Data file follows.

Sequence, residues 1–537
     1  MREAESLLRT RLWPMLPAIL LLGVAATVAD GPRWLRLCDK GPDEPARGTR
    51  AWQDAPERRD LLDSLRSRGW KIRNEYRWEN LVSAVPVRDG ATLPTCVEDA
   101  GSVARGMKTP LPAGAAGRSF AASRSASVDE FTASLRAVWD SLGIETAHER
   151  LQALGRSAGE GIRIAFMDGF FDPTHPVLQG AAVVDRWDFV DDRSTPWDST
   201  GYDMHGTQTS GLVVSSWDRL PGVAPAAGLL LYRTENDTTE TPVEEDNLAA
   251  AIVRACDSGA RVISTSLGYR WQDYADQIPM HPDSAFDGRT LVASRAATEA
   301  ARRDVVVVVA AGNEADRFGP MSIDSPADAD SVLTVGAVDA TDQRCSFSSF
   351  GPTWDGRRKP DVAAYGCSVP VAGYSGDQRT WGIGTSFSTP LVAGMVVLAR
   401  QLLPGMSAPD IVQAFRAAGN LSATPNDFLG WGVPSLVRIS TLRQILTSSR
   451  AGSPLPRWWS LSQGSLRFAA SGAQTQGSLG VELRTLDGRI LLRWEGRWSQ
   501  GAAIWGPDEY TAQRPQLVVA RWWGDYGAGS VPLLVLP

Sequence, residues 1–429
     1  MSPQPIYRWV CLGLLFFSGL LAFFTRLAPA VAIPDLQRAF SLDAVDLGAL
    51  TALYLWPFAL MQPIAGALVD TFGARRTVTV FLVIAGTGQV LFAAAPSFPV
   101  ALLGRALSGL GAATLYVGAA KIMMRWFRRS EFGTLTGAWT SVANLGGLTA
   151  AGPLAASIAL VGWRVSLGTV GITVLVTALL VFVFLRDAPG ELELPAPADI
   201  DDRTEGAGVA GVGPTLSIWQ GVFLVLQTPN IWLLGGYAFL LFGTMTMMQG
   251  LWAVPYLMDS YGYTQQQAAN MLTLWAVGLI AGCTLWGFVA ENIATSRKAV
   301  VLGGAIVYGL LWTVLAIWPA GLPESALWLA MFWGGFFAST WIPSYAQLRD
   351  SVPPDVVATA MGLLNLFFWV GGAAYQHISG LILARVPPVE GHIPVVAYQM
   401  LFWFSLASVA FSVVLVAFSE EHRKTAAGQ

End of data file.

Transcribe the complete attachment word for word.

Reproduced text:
Sequence, residues 1–537
     1  MREAESLLRT RLWPMLPAIL LLGVAATVAD GPRWLRLCDK GPDEPARGTR
    51  AWQDAPERRD LLDSLRSRGW KIRNEYRWEN LVSAVPVRDG ATLPTCVEDA
   101  GSVARGMKTP LPAGAAGRSF AASRSASVDE FTASLRAVWD SLGIETAHER
   151  LQALGRSAGE GIRIAFMDGF FDPTHPVLQG AAVVDRWDFV DDRSTPWDST
   201  GYDMHGTQTS GLVVSSWDRL PGVAPAAGLL LYRTENDTTE TPVEEDNLAA
   251  AIVRACDSGA RVISTSLGYR WQDYADQIPM HPDSAFDGRT LVASRAATEA
   301  ARRDVVVVVA AGNEADRFGP MSIDSPADAD SVLTVGAVDA TDQRCSFSSF
   351  GPTWDGRRKP DVAAYGCSVP VAGYSGDQRT WGIGTSFSTP LVAGMVVLAR
   401  QLLPGMSAPD IVQAFRAAGN LSATPNDFLG WGVPSLVRIS TLRQILTSSR
   451  AGSPLPRWWS LSQGSLRFAA SGAQTQGSLG VELRTLDGRI LLRWEGRWSQ
   501  GAAIWGPDEY TAQRPQLVVA RWWGDYGAGS VPLLVLP

Sequence, residues 1–429
     1  MSPQPIYRWV CLGLLFFSGL LAFFTRLAPA VAIPDLQRAF SLDAVDLGAL
    51  TALYLWPFAL MQPIAGALVD TFGARRTVTV FLVIAGTGQV LFAAAPSFPV
   101  ALLGRALSGL GAATLYVGAA KIMMRWFRRS EFGTLTGAWT SVANLGGLTA
   151  AGPLAASIAL VGWRVSLGTV GITVLVTALL VFVFLRDAPG ELELPAPADI
   201  DDRTEGAGVA GVGPTLSIWQ GVFLVLQTPN IWLLGGYAFL LFGTMTMMQG
   251  LWAVPYLMDS YGYTQQQAAN MLTLWAVGLI AGCTLWGFVA ENIATSRKAV
   301  VLGGAIVYGL LWTVLAIWPA GLPESALWLA MFWGGFFAST WIPSYAQLRD
   351  SVPPDVVATA MGLLNLFFWV GGAAYQHISG LILARVPPVE GHIPVVAYQM
   401  LFWFSLASVA FSVVLVAFSE EHRKTAAGQ